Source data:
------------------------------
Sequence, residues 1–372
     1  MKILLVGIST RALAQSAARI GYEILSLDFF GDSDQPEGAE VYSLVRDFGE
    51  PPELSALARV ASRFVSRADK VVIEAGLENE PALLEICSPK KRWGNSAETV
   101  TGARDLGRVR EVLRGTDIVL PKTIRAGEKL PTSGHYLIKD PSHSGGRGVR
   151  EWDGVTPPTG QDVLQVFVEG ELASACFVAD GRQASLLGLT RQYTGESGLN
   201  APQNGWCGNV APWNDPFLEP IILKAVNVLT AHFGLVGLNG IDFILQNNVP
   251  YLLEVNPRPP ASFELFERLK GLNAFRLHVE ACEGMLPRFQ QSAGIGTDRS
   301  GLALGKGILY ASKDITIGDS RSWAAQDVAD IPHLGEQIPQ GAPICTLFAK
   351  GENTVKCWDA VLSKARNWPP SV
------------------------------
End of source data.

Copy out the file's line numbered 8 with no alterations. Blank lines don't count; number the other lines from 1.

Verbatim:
   301  GLALGKGILY ASKDITIGDS RSWAAQDVAD IPHLGEQIPQ GAPICTLFAK